March 8, 2012
Osamu Tezuka – Vertical – 2003 – 8 volumes
Volume two covers the adolescence of Siddhartha, and how he came to be separated from his kingdom. Buddha is nothing if not epic, and the content of this volume feels like it could have been the entire lifetime of Siddhartha. But he leaves as a young adult at the end of the volume to find his destiny, which is certainly not being a warrior King of a small kingdom.
There are many trials. Tatta reappears, and smuggles the prince out of the kingdom on a whim. They go on an adventure together, the likes of which Siddhartha has never seen since he’s always been sheltered inside the kingdom. Even at a young age, he is bored with extravagant palace life, so this trip opens his eyes to the world at large.
It also brings a faithful meeting with a woman named Migalia. The two fall in love, but as a prince and an outsider slave, their relationship can never be. Siddhartha doesn’t quite understand why this is, or why the caste system must be so all-powerful, but it is what it is. Their relationship is revealed during a tournament in order to prove that Siddhartha is the most powerful warrior to marry the woman his father has selected for him. Things don’t go well for Migalia, though Siddhartha remains unscathed during the entire affair.
He’s forced to marry the noblewoman, but admits to her straight out that he doesn’t love her and doesn’t believe he will be king. He continually tries to leave the kingdom, and eventually tries to achieve enlightenment by sitting out and taking nothing but water for days and days.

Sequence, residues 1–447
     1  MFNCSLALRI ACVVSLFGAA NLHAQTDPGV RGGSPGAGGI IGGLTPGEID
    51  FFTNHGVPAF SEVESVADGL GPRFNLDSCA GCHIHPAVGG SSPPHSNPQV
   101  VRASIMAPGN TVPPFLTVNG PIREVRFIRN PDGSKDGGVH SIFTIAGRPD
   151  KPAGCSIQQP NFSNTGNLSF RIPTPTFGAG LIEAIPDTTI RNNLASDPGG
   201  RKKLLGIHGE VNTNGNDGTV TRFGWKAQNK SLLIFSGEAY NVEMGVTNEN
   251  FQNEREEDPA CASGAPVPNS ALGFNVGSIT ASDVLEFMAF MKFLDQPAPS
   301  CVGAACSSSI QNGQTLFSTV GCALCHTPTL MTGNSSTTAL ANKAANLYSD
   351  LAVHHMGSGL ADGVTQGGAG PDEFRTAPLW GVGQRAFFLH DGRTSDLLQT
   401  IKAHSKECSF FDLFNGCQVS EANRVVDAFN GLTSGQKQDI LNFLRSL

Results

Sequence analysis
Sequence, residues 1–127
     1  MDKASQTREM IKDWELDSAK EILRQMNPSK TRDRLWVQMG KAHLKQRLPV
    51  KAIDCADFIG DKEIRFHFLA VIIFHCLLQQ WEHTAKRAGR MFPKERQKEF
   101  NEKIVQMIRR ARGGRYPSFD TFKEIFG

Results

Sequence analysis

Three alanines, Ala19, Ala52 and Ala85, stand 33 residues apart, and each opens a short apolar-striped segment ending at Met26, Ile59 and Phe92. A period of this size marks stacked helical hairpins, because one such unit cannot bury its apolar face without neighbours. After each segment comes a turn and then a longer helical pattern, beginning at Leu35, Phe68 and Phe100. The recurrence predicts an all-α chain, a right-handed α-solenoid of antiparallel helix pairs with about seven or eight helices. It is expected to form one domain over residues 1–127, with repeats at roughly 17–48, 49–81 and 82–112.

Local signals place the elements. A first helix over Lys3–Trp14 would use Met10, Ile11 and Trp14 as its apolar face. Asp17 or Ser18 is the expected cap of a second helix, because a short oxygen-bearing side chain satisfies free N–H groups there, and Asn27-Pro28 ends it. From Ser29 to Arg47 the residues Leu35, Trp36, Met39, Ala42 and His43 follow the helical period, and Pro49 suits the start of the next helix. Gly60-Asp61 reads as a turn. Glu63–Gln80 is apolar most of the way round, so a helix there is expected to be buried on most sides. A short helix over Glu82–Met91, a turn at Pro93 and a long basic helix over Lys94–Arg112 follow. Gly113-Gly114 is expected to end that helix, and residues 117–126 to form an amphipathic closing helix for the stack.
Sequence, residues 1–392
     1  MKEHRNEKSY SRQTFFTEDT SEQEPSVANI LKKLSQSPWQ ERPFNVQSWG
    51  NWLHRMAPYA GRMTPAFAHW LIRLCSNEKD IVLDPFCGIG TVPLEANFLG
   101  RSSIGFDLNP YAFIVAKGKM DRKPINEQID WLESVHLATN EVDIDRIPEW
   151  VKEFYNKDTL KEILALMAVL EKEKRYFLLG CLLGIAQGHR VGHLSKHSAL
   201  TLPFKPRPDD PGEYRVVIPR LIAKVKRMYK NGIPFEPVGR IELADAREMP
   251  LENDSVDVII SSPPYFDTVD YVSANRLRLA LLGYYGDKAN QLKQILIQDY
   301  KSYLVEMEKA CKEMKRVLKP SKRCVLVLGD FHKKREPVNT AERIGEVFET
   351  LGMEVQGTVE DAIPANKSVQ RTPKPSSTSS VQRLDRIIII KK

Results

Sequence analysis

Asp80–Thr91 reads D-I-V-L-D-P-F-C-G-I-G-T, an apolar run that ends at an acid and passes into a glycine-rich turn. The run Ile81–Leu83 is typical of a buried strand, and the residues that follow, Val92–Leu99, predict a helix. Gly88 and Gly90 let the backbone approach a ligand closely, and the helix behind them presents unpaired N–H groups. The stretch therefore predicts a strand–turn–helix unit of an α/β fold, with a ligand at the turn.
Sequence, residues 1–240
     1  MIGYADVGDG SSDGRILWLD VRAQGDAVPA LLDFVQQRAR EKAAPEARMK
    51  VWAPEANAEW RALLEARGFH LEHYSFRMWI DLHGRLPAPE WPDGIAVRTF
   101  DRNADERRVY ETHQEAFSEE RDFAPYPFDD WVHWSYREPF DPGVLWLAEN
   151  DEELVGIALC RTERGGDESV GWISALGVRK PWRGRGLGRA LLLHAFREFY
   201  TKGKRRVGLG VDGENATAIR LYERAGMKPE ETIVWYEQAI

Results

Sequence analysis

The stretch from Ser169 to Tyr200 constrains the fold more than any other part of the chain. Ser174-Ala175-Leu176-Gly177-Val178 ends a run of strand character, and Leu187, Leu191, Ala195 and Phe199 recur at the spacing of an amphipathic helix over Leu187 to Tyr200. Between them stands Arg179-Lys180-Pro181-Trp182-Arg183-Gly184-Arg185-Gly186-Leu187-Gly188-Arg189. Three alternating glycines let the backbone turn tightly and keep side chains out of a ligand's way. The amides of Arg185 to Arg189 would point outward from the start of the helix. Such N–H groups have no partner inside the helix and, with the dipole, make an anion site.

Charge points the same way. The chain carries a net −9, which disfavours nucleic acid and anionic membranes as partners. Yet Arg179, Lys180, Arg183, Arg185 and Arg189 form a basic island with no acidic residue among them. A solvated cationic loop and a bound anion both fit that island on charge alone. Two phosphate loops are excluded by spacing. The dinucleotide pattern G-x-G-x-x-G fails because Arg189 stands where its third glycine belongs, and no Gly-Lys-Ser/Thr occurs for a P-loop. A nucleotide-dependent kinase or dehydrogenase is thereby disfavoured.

Bandaka is wrapped up in all this. He tries to train Siddhartha to be a warrior at the beginning of the story, then challenges him for the right to marry the woman selected as his bride. He tries to trick the kingdom into exiling Siddhartha, then tries to step in as its king during its darkest hour. He’s a worthy adversary, and I loved that this volume focused on his life almost as much as Siddhartha’s. Or at least the important parts of his life. He’s an interesting character, and it’s interesting that his legacy is foreshadowed to haunt the future volumes.
Unfortunately, I don’t have a whole lot to say about this volume. It’s still a fantastic, sweeping story dripping with destiny and foreshadowing, and it’s extremely well-told. The themes this time around are somewhat less cosmic than the last volume, and only the first couple chapters with young Siddhartha and Tatta touch on some of the themes we saw last time. Those themes are put aside in favor of a story driven largely by Siddhartha’s need to escape, which turns into a desperate obsession as he is slowly shackled down by family and obligation. But an idea that proves to be a point of contention through the entire volume is Siddhartha’s objection to the caste system, and his idea that all humans suffer the same in nature and are thus born equal. Nobody else can conceive that their station in life isn’t decided at birth, least of all the Brahmin, the top of the pecking order that serve as the spiritual guides for everyone else. I’m curious to see how this ironclad system will be disrupted in later volumes, though there are hints that a monk is starting a new order where all are invited to leave behind the shackles of the caste system and join his beliefs to find enlightenment.
And the art. It’s fantastic. I have to say, it’s some of Tezuka’s absolute best. The sweeping, detailed landscapes and magnificent castles inform absolutely everything, and there’s some really wonderful panel layouts and compositions scattered throughout. The landscapes in particular really help lend the story a sense of scale and presence. I’m really excited to see how far this will take it when the more spiritual themes (hopefully) appear later.
It’s wonderful, and I’m so glad I’m finally reading it after all these years.